easier to postulate that a promise made within the do-
mestic setting or between family members raises pre-
sumption of ‘no intention’ to create legal relations and
commercially the presumption of presence of such inten-
tion, this supposition creates more problems and only
confuses the whole state of affairs. Th e author, th erefor e,
strongly feels that the presumption starts from the basic
fallacy and it should be done away with in light of the
changing nature of ‘familial’ relationships.
5. ‘Intention’ and/or ‘Consideration’
As laid down earlier that many countries have recognised
‘intention to create legal relations’ as separate require-
ment for enforcing an otherwise valid contract. English
law is the best example in that category, which requires
this along with the tri-requirement of offer, acceptance
and consideration. This part of the paper will focus on
the correctness of such an approach by looking from a
theoretical as well as practical standpoint. Professor Sa-
muel Williston [18] in the U.S. have criticised this view
emanating in England. He opined that the separate ele-
ment of intention is foreign to the co mmon law, imported
from the Continent by academic influences in the nine-
teenth century and useful only in systems which lack the
test of consideration to enable them to determine the
boundaries of contract [19]. The insistence on a require-
ment of intention in addition to the other elements of a
validly formed contract (offer, acceptance, consideration)
is unnecessary. This view has been taken not only by
Williston in U.S. but also Hepple [20 ] in the UK. Hepple
argues that the problems with this area derive largely
from a failure to take account of the particular approach
to consideration adopted by Lord Atkin in Balfour v.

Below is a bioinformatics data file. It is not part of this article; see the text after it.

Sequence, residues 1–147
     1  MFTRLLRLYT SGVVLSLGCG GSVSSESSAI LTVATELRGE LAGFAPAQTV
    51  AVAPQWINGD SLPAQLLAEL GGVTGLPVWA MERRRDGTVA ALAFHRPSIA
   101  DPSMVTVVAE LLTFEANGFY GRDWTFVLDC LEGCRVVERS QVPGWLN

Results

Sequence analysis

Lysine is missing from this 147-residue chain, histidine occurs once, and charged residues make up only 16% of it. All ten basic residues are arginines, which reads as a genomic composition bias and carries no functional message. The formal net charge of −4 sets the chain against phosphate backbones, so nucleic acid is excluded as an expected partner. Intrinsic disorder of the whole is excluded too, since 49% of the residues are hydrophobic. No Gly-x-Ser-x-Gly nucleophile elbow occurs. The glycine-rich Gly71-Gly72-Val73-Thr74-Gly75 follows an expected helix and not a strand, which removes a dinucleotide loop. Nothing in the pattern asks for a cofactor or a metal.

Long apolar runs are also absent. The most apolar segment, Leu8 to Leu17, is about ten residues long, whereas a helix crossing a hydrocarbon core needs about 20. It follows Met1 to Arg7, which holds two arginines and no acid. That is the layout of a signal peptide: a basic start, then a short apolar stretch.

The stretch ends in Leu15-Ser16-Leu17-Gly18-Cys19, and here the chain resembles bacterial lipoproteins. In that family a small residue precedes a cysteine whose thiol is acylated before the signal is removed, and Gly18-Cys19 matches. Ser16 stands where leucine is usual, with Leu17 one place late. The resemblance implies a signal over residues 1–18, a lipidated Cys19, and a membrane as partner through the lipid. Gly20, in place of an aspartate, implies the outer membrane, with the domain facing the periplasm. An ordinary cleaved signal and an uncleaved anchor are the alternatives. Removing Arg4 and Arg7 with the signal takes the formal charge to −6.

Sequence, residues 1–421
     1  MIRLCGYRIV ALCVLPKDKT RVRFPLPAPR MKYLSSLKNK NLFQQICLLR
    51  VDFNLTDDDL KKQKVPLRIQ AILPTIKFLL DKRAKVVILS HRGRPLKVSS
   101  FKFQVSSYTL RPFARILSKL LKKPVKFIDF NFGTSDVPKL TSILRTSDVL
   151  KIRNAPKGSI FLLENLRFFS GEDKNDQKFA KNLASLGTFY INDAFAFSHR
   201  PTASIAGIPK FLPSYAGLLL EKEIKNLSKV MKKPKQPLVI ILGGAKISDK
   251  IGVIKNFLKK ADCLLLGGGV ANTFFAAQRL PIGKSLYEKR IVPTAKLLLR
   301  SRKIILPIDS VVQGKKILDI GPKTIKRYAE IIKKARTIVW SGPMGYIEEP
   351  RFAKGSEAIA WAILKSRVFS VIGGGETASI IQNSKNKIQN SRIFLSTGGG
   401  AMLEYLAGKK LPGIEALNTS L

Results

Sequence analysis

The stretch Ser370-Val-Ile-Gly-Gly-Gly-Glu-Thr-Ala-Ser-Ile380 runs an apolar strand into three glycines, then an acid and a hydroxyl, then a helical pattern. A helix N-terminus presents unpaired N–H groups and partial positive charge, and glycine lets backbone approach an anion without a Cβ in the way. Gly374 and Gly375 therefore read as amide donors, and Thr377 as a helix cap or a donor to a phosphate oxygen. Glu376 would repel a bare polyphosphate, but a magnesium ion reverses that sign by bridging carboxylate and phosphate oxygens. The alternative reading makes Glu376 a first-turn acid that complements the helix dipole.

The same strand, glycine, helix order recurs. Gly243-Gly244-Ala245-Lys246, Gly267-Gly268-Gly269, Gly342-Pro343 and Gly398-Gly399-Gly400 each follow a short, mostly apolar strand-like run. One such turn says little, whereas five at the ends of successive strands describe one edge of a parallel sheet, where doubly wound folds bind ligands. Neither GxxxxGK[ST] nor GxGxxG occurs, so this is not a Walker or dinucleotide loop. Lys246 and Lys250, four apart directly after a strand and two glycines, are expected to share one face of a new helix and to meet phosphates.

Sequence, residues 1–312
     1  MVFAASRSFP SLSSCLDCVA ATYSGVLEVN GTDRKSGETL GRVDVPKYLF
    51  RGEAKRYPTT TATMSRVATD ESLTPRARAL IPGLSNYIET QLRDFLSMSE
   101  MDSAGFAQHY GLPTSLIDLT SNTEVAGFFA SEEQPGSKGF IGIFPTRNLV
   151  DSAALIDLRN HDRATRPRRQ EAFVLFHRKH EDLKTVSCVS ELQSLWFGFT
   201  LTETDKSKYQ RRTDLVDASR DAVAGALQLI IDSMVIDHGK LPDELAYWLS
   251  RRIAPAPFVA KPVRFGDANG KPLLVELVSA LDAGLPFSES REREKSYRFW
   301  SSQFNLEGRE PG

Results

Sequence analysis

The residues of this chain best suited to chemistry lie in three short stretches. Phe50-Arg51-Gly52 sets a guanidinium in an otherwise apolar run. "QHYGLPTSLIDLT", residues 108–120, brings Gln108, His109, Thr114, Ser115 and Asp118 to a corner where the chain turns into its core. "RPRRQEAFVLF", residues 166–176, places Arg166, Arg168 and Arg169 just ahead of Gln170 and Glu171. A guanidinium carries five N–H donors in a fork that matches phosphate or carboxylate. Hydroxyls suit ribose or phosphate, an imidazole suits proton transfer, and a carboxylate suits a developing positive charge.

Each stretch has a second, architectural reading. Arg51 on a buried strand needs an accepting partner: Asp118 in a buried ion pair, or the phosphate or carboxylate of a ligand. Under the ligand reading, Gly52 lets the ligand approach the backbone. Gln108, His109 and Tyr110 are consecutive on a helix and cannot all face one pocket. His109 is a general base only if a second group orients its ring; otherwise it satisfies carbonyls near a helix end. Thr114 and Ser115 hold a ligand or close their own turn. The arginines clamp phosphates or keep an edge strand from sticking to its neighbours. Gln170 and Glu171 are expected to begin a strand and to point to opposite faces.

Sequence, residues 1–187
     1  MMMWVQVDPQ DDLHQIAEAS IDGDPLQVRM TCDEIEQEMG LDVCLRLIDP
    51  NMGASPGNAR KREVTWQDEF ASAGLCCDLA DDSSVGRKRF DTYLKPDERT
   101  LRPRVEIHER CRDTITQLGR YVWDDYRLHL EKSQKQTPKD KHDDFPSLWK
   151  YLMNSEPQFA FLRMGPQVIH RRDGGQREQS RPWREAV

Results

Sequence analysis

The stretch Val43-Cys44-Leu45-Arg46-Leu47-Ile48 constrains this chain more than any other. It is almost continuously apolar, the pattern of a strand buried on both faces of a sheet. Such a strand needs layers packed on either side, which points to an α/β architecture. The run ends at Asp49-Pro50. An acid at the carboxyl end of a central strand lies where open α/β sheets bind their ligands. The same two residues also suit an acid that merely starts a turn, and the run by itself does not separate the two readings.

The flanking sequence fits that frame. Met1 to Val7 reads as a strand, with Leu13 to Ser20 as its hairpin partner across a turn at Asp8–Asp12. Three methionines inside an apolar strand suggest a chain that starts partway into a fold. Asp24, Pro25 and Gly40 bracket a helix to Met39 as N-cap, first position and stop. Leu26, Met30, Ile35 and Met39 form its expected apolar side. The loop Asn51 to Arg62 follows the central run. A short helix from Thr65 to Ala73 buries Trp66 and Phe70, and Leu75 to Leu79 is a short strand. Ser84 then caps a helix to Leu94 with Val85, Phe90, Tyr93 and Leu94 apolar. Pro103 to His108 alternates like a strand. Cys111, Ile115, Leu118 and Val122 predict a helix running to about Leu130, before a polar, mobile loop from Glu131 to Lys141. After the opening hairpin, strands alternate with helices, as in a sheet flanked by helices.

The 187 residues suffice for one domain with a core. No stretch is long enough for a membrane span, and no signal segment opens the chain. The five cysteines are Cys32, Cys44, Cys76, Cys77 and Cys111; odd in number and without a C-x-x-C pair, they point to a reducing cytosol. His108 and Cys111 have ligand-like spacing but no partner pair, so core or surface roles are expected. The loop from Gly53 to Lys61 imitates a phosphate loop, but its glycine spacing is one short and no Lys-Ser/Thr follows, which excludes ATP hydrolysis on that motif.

Balfour. Hepple argues that many domestic agreements
may involve mutual promises, ‘and yet not be contracts
because the promise of the one party is not given as the
price for the other’. In other words, the con- cept of the
bargain is central to the test of enforceability of contracts
under English law and the vital elements in the identifi-
cation of a bargain are offer, acceptance and considera-
tion. These three elements should be treated to- gether as
indicating bargain. Thus an analysis which tries to sepa-
rate out agreement (that is, offer and acceptance) from
consideration is missing the point of why the courts
started looking for evidence of these three elements in
the first place [21].
‘This separation of agreement from consideration....
has resulted in a fundamental point being overlooked.
This is that the common law recognised at an early stage
that usually parties do not define their intention to enter
into legal relations. Consequently, th e fact that they have
cast their agreement into the form of bargain (offer, a-
cceptance, consideration) provides an extremely practical
test of that intention. This test of bargain renders super-
fluous any additional proof of intention [20].
Accordingly, Hepple regards the court as falling into
error in trying to identify an additional element of inten-
tion in the cases such as Ford Motor Co Ltd v. AEF [22].